Good Times Online #4


It seems like everywhere we look online people are all about that heinous but brilliant Trump meme life. To some people's dismay, but probably more people's delight, we've decided to stere clear of all things politics this fortnight and stick to the stuff we love most: new Aussie music, American rappers who liken themselves to God, and totally bizarre/awesome perfume adverts. Perhaps most notably, however, is a new trailer for a documentary to premiere shortly at the Venice film festival. You'll have to read on for the details of this future doco gold.  

 1. Kanye's Favourite Noises

Your boy Kanye is easily one of the most eccentric, narcissistic, border-line manic artists walking the earth today. YouTube channel Bort recently added a compilation of his "Favourite Noises" to their collection of "Kanye's Favourite Things" videos. Much like past uploads documenting Ye's favourite animals, food and TV shows, it's pretty damn accurate. Ockit ogit sickit yeeeh. Watch now for a good laugh and, while you're at it, check out this video of his 'moment' of extreme self-love and semi-appreciation for fellow artists recorded at last weeks MTV Video Music Awards. 



Former skate photographer, Spike Jonze, who is widely known for directing Being John Malkovich (1999), has created a perfume for high fashion brand Kenzo. It begins with all the cliches you would expect from an advert by a French luxury fashion house, most notably beautiful women clad in ball gowns with a desire to run away. From that point on though, it actually gets pretty weird. Actor Margeret Qualley delivers an awesome performance that makes you want more after the last few moments come to a close. 

3. The Ruminaters - Bad Bad Things 360 Vid

Well, the production behind this film clip is unlike anything else we've scene in the industry - at least not in the Australian indie rock scene. It's also an excellent, excellent tune by the Sydney boys who recently returned form an EU tour and have a string of shows lined up in the coming weeks back here. I don't know what else to say other than check out this crazy 3D business. It'll only work on a phone, and best if you spin around in circles like a hyperactive child. There's no fancy choreo or insane VMA style wardrobe numbers, just a bunch of dudes jamming in a variety of locations, encouraging you to get dizzy and do bad, bad things. 


4. David Lynch: The Art Life

David Lynch is a total mastermind renowned for his genius in the visual and sonic arts, and incredible directorial feats (Twin Peaks, Mulholland Drive, The Elephant Man) spanning the entire length of his immense career. Whether you love his paintings that he describes as "organic, violent comedies", or call your self a hardcore devotee to his expansive collection of cult-classics, you're in for a good time come the release of "David Lynch: The Art Life". The documentary, which journeys to the director's formative years in Montana and Philadelphia, is to show at this year's Venice Biennale. Until the film hits the small Italian crowd, the incredibly Lynch-esque trailer will have to keep you going while creator Jon Nguyen readies the visual memoir for the rest of the world. Click image below to be redirected to the video.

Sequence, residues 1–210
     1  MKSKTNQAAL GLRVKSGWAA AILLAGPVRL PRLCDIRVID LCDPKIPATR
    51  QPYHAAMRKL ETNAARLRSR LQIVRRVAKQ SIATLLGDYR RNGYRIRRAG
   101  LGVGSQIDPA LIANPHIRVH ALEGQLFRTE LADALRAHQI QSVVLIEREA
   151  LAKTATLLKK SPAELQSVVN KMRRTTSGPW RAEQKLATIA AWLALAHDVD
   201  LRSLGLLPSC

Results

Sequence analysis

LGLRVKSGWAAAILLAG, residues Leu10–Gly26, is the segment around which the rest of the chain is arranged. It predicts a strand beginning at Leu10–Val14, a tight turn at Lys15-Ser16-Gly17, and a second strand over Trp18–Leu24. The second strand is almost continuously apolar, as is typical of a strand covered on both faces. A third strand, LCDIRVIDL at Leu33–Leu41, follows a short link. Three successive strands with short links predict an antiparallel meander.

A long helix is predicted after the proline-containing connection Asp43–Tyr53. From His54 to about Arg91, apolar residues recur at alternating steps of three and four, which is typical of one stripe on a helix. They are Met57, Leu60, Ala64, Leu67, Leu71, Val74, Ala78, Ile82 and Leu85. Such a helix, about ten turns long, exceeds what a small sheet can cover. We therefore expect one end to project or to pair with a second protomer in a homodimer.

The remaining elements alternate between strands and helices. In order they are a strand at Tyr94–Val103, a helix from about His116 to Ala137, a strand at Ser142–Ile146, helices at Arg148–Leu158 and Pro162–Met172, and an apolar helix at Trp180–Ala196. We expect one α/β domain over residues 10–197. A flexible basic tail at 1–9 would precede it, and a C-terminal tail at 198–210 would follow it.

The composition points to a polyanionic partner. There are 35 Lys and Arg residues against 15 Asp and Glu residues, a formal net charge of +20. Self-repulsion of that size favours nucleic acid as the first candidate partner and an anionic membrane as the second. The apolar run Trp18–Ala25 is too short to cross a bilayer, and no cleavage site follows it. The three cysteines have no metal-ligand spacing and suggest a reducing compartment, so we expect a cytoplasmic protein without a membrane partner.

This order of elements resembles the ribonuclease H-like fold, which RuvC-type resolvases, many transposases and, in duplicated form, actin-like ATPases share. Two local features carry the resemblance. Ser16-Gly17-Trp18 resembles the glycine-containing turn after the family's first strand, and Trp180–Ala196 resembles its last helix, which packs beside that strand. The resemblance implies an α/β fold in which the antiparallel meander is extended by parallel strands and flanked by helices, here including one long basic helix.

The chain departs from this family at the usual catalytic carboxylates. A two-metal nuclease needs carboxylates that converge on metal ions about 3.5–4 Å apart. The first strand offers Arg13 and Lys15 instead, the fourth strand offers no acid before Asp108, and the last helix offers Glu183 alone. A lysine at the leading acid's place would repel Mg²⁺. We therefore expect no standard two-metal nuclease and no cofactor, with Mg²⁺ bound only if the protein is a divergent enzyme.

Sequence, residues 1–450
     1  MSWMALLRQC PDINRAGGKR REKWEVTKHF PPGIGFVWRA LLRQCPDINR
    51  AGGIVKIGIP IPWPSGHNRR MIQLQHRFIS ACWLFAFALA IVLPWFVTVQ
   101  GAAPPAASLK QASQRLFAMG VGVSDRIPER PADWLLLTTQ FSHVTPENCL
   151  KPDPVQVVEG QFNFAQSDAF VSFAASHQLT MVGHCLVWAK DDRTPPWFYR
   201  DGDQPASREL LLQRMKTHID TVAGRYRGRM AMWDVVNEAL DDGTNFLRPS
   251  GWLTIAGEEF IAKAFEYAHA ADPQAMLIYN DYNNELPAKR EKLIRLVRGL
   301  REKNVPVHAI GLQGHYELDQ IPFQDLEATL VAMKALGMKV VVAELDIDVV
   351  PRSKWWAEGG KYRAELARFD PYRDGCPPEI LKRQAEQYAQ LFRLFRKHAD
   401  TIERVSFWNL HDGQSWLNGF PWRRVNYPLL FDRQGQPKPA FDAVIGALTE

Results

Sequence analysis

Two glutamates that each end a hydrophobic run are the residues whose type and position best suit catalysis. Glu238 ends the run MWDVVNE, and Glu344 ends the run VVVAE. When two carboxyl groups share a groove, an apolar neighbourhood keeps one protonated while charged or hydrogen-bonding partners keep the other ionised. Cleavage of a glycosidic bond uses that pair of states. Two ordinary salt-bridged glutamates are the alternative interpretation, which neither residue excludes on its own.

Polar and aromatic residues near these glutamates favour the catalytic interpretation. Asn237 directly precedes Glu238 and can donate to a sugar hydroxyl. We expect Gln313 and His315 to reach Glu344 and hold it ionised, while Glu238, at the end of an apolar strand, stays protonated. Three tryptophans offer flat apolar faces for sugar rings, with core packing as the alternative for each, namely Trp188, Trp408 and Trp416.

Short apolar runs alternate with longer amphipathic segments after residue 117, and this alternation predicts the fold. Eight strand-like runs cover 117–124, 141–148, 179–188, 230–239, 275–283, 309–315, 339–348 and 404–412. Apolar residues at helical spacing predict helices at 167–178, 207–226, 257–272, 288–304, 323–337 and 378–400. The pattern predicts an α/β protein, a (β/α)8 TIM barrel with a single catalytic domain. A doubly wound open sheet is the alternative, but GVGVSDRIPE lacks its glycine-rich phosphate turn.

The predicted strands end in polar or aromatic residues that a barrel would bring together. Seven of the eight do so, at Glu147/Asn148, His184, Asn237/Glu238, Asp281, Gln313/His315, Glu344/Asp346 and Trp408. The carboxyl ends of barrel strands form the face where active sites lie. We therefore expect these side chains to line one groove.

5. Art & CRAZINESS at Burning Man

Burning Man is a festival like no other. Set in Black Rock Desert, Nevada, it’s a gruelling experience thanks to many incredible internal and external social and environmental factors like the unique and often harsh climate, new community ideals and the challenge of total self-reliance. However, it’s life-changing effect on the tens of thousands of ‘burners’ who attend this time each year is what makes it so much more than a fleeting experience. 

Festival-goers come together to create a temporary metropolis dedicated to “radical self-expression, self-sufficiency, community and art”. Known as Black Rock City, the cultural experiment starts evolving the moment everyone arrives. Nothing is for sale (except coffee and ice), no infrastructure is prepared for attendees at any stage prior to or during the event and there are no pre-existing signs of life until gates open and the people of Burning Man arrive with every thing required to survive the week, to trade with others and to build, create and engage in the Burning Man art scene. 

What’s more is that at the end of the week, after burners have ridden around on their bikes and traded with fellow attendees, created or appreciated different themed villages and installations like Karlie Kloss’ gigantic vacuum and this awesome t-rex, the entire population departs leaving no trace of existence in the desert whatsoever. 


Words by Tim Salisbury and Elli Webb
Curated by Nick Sheehan, Sam Nicholls, Tim Salisbury and Elli Webb

Illustrations by James Martoo

DIGESTElli Webb Comment